For Global Peace with Social Justice in a Sustainable Environment
Prof. Dr. Yogendra Yadav
Senior Gandhian Scholar, Professor, Editor and Linguist
Gandhi International Study and Research Institute, Jalgaon, Maharashtra, India
Contact No. – 09404955338, 09415777229
Mailing Address- C- 29, Swaraj Nagar, Panki, Kanpur- 208020, Uttar Pradesh, India
We are habituated to pass resolutions without acting on them – Mahatma Gandhi
Mahatma Gandhi declared to oppose Simon Commission. He went to every part of India for aware to the people. He reached Hardoi, one of the famous district of Uttar Pradesh on dated 11 October, 1929 and spoke at Political Conference that “We are habituated to pass resolutions without acting on them. I advise you to give up this mentality. This is one main obstacle in our path of progress. Had we fulfilled our promises of 1921, we should have attained swaraj long before. Another occasion is approaching on the people of this province as it is your province which has given the President of the next Congress. The responsibility is all the greater on the youth. Pandit Jawaharlal belongs to your province. At the same time, he is a youth. If you want to preserve your prestige and his too, you have to act as you say. You have already passed a resolution on untouchability. I hope you will pass similar resolutions on Hindu-Muslim unity and boycott of foreign cloth, which is possible only if you use khaddar. If you pass these resolutions, you have to abide by them. I hope and pray that you be prepared for the great struggle before us. 1
Next day Mahatma Gandhi spoke on subject Khaddar and Untouchability: Duty of Indian Municipalities on behalf of this question “What can Indian municipalities do in the matter of khaddar and untouchability?
Mahatma Gandhi spoke:
In the matter of untouchability a municipality can help…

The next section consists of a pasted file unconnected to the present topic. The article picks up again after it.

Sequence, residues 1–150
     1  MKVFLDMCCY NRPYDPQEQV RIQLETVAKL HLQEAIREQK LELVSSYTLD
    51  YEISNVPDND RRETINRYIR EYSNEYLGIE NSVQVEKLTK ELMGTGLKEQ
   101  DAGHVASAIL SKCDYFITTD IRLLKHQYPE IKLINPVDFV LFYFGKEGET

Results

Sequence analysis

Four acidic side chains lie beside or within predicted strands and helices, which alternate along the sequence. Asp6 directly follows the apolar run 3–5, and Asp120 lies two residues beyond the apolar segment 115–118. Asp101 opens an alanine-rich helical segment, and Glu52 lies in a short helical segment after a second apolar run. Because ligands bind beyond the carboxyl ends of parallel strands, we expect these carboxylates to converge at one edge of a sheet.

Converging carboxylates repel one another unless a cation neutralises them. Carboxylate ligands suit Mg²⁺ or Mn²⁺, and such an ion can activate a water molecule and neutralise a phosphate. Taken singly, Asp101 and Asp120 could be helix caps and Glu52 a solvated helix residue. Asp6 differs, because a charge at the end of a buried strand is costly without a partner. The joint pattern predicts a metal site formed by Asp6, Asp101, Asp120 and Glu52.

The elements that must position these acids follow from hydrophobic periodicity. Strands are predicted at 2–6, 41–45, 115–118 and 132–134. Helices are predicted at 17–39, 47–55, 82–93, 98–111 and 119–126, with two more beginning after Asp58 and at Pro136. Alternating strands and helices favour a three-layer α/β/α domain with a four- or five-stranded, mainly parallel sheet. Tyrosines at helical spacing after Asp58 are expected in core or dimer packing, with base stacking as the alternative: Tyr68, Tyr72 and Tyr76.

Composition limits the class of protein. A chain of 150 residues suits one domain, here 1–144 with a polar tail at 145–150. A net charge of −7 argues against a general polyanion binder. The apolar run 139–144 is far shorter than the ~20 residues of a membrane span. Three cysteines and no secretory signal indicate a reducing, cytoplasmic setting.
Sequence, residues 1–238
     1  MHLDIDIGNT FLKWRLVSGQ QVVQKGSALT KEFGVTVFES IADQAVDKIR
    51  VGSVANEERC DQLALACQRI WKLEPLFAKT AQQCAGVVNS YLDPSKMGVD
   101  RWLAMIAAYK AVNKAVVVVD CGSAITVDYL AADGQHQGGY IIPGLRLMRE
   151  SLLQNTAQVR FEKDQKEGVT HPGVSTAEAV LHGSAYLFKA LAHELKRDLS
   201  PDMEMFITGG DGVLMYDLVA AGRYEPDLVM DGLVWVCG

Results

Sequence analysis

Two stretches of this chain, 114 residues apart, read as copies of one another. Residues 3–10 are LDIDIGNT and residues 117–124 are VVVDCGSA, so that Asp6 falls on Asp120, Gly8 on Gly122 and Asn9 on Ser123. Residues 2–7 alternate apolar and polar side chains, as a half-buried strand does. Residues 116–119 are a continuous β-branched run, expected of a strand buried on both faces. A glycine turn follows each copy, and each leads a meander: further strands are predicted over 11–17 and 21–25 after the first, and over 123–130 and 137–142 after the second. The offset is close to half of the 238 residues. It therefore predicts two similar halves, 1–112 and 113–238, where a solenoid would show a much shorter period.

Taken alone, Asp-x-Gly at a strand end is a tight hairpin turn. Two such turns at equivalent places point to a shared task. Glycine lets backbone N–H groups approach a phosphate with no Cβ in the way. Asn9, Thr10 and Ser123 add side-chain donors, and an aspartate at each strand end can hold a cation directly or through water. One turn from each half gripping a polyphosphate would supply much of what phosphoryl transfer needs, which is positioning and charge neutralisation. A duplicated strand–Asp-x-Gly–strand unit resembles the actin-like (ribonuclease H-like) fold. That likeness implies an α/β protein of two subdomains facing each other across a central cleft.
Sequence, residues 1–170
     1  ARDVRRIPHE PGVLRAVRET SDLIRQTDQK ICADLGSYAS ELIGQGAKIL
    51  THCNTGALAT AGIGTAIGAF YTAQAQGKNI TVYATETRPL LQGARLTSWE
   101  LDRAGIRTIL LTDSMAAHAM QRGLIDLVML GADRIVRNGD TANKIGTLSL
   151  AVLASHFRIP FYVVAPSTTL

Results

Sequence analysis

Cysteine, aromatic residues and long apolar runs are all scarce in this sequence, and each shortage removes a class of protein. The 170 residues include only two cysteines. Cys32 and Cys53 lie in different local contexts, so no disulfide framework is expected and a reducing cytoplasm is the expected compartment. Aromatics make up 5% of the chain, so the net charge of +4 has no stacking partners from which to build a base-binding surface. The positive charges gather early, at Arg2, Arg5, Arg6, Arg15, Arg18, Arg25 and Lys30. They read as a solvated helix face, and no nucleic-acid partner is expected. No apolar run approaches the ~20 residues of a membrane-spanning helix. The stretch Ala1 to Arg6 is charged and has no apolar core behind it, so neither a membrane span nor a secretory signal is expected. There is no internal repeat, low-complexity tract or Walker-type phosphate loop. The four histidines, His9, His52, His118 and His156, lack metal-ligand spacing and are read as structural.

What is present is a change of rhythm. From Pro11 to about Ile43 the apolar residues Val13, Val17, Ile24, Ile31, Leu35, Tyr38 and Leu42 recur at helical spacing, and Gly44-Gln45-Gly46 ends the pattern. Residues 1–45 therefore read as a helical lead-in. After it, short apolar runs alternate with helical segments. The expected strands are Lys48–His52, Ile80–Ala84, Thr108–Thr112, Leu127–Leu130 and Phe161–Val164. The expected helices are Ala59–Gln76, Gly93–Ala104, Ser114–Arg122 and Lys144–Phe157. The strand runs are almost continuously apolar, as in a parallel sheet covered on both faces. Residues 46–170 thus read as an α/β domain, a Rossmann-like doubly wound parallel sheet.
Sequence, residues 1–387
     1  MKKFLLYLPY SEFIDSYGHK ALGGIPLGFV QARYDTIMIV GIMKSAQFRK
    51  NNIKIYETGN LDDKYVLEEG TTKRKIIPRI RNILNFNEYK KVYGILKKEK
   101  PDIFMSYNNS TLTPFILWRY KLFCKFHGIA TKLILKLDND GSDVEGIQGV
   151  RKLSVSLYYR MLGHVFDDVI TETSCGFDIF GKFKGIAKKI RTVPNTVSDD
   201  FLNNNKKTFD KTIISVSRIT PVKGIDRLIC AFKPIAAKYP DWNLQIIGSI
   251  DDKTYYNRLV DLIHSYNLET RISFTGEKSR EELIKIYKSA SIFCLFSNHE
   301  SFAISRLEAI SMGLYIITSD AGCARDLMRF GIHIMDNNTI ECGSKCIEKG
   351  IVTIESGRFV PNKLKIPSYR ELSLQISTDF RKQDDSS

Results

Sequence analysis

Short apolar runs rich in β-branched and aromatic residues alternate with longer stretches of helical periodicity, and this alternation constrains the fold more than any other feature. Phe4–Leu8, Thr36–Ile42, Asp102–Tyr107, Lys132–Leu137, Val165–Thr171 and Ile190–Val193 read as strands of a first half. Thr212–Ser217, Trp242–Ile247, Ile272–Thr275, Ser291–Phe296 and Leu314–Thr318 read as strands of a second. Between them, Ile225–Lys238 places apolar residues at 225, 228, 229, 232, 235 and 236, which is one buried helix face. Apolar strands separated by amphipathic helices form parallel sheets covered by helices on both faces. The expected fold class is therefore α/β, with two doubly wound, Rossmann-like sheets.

But this untouchability will soon be a thing of past. Hindu society has become conscious of the hideous wrong done to man by this sinful doctrine. Hundreds of Hindu workers are devoting themselves to the uplift of these suppressed classes. Among them may be named late Swami Shraddhanandji and the late Lala Lajpat Rai. These, however, may not be regarded as orthodox. Pandit Madan Mohan Malviyaji, who is accepted by all Hindus as an orthodox Hindu, has thrown in the weight of his great influence on the side of reform. Everywhere one sees the process of emancipation silently but surely and steadily going on. The so called higher-class Hindus are conducting schools and building hostels for them, giving them medical relief and serving them in a variety of ways. The effort is absolutely independent of the Government and is part of the process of purification that Hinduism is undergoing. Lastly, the Indian National Congress adopted removal of untouchability as a vital part of its constructive programmed in 1920. It may not be superfluous to add that while untouchability is undoubtedly a grave social wrong, it has no legal sanction behind it. So far as I am aware, there is no legal disability against the ‘untouchables’.
The reformer has still a stiff task before him in having to convert the masses to his point of view. The masses give intellectual assent to the reformers’ plea, but are slow to grant equality in practice to their outcaste brethren. Nevertheless, untouchability is doomed, and Hinduism is saved. And, as I have indicated above, our municipalities can do much to bring about this salvation. 2
He honored in Regional High School and spoke to women also. He inaugurated Khadi Bhandar, Hardoi on same day.
Mahatma Gandhi wrote letters to Amal Hom – Editor of Kolkata Municipal Gadget, Fredrik Stuntmen – Austria, Hariji Govil – United State of America, Tag Vend Guard – Denmark, Eleanor M. Hug – Washington, USA, Hennery S. Salt – England, K. V. Swami – Parla khimedi, Edle Kaufman, C. Vijyaraghavachariyar – Selam, Chhaganlal Joshi – Ahmadabad.